I bought this little utility, which was not expensive, and I found it useful. It needs Aperture to be running so I ran it on my Mojave Mac where I still had my Aperture library.

It basically automated an export of all images to a folder structure that matched the Aperture Folder/Project structure (albums possible as well) with various options. It exported all the source images as well as edited versions, which can be tif or jpg depending on star rating. Faces and other options that I can’t remember at the moment became keywords. Metadata transferred to sidecars successfully.

Anyway, you can probably accomplish a similar export manually and there are other tools for sale that do this as well, but this worked well enough for me.


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I didn’t use “faces”, and while I have some intelligent albums, none of them are critical. I thought about bringing things into Photos, but I’d rather not go that direction I think. Sounds like I’ll be ok exporting my RAWs into a folder hierarchy of my choice.

Since PhotoLab 5 doesn’t really have much a DAM, anyone have suggestions on one that would work well on a Mac with PL5, in case I want a more full-featured DAM?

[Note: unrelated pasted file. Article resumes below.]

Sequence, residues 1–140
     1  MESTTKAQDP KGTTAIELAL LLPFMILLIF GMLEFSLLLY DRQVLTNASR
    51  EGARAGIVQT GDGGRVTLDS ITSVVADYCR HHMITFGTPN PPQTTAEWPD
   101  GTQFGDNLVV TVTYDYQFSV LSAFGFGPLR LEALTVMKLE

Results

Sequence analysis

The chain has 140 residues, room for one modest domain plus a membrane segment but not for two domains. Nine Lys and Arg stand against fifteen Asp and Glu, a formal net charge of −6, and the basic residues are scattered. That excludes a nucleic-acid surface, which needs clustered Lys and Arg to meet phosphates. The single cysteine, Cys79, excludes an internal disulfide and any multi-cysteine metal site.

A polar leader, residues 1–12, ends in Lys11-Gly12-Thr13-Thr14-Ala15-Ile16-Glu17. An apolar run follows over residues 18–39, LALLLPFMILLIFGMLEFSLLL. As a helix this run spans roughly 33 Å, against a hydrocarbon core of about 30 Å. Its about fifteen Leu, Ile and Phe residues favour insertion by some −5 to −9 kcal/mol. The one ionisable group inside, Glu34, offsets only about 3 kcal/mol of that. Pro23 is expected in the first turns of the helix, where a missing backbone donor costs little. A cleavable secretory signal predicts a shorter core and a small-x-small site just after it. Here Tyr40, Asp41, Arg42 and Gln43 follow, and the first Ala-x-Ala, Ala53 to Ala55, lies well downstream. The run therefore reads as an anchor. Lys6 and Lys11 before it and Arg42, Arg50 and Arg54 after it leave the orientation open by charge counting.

The (for me) main features of Aperture I haven’t found in 4 years of searching. Most DAMs rely on heavy keywording to find pictures. Also, are you willing to spend another 300-400$ on a software-license for a DAM? That would be the costs of Photo Mechanic Plus, just to be able to work with a separate, possibly fast database. Which doesn’t mean it uses intelligent folders/albums like Aperture does. I tried the demo of PM and could not enjoy their concept.

I think it would be wise to prepare your ideas of how you’d like to build your folder hierarchy. What I definitely miss in DxO is an easy way to just browse through all images, no matter in which folder they are. This at least is possible on Capture One, but finding out which image is used in which album or project - impossible over there. Which makes no difference to DxO, the impossibilities start earlier here.

Edit: I only can agree on your hesitation against “Photos”. Cluttered and ugly and even with the additional plug-in “RAW-Power” (from Aperture’s dev) horrible to use. iPhoto was better for that purpose although copying the original to do edits on the copy also is not the brightest way to edit photos.